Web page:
Sup Holmes every Sunday! Until July 24! Then it’s over!
[Sup Holmes is a weekly talk show for people that make great video games. It airs live every Sunday afternoon on YouTube, and can be found in podcast form on Libsyn and iTunes.]
A little over two years ago, former Dtoid writer Conrad Zimmerman launched a Kickstarter to allow me to host another 100 episodes of Sup Holmes, a weekly live stream podcast for game developers. In the promo video for the campaign, I said that I’d like to do Sup Holmes for the rest of my life.
That is still true. I still love doing the show, and I hope that Conrad and I can find a way to do something like it again in the future. We’re talking about doing a shorter, more focused and produced monthly podcast, and with any luck, we’ll be able to pull it off. Sadly, that puts Sup Holmes in position for retirement. Just as I retired from Destructoid’s Editor-in-Chief position last year in order to focus more on my ever-growing family, so too must I say goodbye to hosting this wonderful show.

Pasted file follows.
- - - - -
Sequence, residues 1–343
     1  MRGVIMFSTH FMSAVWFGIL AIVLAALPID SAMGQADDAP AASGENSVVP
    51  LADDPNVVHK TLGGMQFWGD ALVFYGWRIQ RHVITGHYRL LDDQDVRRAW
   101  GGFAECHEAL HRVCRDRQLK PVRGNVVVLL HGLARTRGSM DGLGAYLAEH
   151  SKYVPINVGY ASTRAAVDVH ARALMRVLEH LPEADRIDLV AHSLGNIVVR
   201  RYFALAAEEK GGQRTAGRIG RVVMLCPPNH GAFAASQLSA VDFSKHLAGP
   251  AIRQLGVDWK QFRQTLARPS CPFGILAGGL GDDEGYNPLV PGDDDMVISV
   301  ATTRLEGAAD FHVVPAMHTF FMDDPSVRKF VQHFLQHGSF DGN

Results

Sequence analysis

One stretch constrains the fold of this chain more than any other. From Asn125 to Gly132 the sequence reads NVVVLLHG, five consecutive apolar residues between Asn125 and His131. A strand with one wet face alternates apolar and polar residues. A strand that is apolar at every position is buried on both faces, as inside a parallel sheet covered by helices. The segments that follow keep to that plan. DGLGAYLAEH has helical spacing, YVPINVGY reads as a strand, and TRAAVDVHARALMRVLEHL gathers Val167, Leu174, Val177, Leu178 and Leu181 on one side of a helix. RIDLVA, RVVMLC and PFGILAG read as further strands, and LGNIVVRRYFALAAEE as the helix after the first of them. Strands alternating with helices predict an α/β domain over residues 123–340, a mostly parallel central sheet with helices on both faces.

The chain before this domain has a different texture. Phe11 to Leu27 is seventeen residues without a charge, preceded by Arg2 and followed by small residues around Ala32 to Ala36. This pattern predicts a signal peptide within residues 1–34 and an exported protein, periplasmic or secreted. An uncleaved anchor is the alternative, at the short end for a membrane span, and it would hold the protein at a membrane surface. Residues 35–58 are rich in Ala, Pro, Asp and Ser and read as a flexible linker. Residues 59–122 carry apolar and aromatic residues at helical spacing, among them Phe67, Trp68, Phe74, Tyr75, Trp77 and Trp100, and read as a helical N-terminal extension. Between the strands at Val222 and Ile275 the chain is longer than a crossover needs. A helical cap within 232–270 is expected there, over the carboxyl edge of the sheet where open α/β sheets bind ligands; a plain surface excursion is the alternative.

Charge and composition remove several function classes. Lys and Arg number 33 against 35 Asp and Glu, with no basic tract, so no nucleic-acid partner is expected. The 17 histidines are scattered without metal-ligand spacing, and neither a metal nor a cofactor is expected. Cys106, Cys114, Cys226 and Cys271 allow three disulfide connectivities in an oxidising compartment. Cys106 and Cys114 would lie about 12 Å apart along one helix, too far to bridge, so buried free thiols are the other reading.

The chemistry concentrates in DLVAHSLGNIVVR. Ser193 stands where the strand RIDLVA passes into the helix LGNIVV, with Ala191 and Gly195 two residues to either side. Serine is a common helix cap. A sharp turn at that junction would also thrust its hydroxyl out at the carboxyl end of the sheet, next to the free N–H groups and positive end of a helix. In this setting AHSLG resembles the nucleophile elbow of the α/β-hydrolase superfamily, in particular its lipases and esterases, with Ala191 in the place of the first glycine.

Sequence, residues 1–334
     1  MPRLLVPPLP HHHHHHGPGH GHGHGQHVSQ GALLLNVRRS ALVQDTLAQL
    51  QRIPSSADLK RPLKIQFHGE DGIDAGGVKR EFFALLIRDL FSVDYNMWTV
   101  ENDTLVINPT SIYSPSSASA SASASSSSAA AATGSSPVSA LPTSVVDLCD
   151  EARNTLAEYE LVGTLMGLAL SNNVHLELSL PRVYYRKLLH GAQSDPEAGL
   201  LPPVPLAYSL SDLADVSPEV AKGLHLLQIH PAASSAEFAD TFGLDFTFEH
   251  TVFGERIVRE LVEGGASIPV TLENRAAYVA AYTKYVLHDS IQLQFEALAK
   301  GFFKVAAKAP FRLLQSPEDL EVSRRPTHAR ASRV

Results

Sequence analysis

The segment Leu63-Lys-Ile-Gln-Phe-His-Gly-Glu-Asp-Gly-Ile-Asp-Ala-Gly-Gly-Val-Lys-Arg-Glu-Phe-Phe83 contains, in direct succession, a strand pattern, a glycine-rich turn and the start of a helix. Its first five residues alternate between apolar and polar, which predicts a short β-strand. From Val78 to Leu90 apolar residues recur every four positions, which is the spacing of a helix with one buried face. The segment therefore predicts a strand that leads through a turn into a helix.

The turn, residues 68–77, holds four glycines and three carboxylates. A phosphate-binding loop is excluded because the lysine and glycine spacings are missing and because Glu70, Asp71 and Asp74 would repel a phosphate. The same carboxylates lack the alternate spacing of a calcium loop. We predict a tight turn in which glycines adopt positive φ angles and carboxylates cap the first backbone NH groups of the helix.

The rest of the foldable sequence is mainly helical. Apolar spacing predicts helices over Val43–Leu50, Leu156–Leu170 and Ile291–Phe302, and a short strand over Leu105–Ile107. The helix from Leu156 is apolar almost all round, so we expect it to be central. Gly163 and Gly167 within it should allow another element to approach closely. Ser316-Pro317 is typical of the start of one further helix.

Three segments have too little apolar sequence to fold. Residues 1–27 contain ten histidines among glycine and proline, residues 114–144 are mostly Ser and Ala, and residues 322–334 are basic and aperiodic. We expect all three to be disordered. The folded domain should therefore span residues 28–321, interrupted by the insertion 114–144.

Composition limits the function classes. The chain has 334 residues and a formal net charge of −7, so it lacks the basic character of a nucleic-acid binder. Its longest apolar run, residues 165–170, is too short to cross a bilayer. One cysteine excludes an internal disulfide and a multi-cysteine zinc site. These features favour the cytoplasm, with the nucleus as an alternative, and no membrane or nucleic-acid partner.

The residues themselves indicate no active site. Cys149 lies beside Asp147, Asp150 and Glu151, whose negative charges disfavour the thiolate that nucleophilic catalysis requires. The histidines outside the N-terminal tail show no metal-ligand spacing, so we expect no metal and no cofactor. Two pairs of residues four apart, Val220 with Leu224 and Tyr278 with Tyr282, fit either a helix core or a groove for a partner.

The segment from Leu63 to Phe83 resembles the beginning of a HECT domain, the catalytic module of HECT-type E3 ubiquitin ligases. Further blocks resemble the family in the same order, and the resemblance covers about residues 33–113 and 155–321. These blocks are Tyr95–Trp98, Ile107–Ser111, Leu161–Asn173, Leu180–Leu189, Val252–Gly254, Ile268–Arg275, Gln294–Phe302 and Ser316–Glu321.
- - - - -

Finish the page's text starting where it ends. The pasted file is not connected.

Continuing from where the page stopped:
We’ve still got a few more episodes to go though, with guests like Tom from the Battle Chef Brigade team, and former Dtoid CEO Hamza Aziz slotted for later this month. We’ve also got plenty of reruns for you to enjoy, like this episode with Rebecca Heineman, one of the founding mothers of modern video games.
After running away from home as a teenager, Rebecca took up video games as an escape, and eventually, as a way of life. She was the winner of the first ever Space Invaders World Championship, which lead her to co-write not one but two books on “How To Master The Video Games.”
From there she learned to approach computer programming with the same level of artistry and proficiency. Games programming was still in its infancy at that time, balancing between incredibly tight technical limitations and endless potential for innovation, only the most brave and passionate programmers of the day were able to make it. Not only did Rebecca survive the games industry crash of the ’80s, but she found a way to thrive. Her influence on the course of gaming’s evolution is still felt today. Reviewers at the time could barely wrap their heads around her design work for Bard’s Tale III, which allowed players to explore a truly open world in any way that they chose.
Creating virtual spaces where the player is free to be whomever they want, go wherever they want, and do whatever they want is a design philosophy that Rebecca has championed for over 30 years. Anyone who’s interested in games of that style would do well to learn from her.